I’m at a nudge over 30 miles into the run. There’s only one thing I’m absolutely certain of in life: I don’t want to do this anymore.
I’ve been out for most of the day seeing how many miles I can scrape together for the 24 Hours of Muskrat. It’s been a pretty good day, but I’m done. I’m old, my knees don’t work, I can’t run, there’s no point in being out here.
Up ahead of me, an old guy (meaning a guy my age?) pulls a wagon out of his pickup. Sort of a Radio Flyer on steroids. As I come up on it, I see it has a blanket and a pillow. What gives? I don’t see a kid.
He carries his dog out of the pickup. He’s old. Really old. The man sits him lovingly in the wagon. The dog leans his head over the edge. I am totally smitten.
I ask if I can take a photo. He says sure, but the dog buries his head in the blanket as I approach, in that “if I can’t see him he’s not there” sort of way. That’s a favorite of mine as well. I love this dog.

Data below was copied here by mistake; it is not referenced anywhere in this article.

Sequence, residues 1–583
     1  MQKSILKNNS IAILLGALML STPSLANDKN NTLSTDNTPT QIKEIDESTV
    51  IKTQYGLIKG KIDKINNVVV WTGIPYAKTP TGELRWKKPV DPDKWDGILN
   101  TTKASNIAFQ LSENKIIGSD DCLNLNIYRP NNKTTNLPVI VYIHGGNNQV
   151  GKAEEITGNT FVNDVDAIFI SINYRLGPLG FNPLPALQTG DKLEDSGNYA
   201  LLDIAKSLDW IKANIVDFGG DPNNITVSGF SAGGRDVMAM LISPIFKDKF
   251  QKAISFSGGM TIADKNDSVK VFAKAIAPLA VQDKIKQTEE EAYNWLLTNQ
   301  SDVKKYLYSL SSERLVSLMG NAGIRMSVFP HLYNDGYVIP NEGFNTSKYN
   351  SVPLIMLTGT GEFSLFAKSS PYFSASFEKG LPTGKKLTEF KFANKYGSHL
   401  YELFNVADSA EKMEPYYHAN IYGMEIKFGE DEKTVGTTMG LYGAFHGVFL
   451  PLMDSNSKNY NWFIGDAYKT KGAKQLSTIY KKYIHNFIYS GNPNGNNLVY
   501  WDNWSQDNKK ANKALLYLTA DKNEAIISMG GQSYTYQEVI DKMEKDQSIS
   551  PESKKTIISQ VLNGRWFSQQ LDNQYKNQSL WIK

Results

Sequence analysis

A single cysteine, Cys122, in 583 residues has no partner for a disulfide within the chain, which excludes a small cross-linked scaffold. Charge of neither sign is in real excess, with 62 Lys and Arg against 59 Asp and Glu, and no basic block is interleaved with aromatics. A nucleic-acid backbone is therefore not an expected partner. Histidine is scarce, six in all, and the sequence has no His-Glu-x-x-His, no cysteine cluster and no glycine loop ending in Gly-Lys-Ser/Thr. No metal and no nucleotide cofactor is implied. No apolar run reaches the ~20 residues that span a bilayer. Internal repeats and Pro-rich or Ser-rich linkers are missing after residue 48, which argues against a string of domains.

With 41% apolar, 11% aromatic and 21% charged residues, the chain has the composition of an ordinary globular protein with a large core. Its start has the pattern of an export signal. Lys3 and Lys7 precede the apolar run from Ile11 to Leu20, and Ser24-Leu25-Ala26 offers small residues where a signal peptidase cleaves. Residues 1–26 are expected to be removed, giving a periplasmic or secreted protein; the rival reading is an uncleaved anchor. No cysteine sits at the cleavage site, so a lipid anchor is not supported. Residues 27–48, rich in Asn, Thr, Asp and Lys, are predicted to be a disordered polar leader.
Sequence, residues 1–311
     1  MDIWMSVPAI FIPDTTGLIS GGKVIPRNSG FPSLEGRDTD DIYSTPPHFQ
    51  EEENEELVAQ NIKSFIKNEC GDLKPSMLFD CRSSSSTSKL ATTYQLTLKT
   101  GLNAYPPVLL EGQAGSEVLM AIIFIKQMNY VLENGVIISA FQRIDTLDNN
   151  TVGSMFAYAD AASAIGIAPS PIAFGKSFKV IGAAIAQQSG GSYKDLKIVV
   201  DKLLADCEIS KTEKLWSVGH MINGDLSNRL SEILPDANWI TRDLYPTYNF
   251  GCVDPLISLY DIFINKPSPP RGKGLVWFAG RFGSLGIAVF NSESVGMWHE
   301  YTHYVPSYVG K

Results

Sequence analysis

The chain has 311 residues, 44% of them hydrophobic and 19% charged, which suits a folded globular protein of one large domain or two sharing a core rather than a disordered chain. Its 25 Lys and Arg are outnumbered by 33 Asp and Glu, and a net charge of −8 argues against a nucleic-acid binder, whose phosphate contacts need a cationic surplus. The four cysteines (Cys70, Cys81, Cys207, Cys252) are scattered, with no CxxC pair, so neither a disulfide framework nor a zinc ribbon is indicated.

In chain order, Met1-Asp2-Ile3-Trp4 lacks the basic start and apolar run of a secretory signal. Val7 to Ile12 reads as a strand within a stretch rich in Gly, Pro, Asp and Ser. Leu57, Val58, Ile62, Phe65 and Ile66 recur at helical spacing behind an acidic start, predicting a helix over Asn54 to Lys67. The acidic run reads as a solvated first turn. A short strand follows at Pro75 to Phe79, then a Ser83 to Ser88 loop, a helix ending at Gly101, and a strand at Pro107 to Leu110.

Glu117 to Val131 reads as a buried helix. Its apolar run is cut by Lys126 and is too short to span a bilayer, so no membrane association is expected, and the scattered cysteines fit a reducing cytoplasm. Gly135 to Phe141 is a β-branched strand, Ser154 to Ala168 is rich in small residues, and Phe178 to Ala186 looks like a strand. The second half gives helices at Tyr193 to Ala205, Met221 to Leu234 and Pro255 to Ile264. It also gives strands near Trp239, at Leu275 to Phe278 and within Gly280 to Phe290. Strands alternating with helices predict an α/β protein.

The man explains. The dog’s name is Buster. He has always loved to walk along the bayfront, but he’s too old these days. So the man pulls him in the wagon. My heart melts.
I look back a couple of times as I stroll ahead. Buster’s in fine form now, head propped up, observing the world from his perfect perch. It’s a sunny evening and there’s much to see. I bet he loves this time.
If it’s good enough for Buster, it’s good enough for me. I finish off another 5, bringing the total for the day to 35. It feels good. Mo hangs with me for the last couple. We have snow cones. I try to get her to pull me in a wagon. She declines.
I realize Buster and I aren’t that different. We’re both slowing down, but both lucky enough to still be out here doing what we love. Maybe not in quite the fashion we would have hoped for, but we’re still here nonetheless. Isn’t that all you can ask for?
Thanks for helping me remember, Buster. Long may you ride.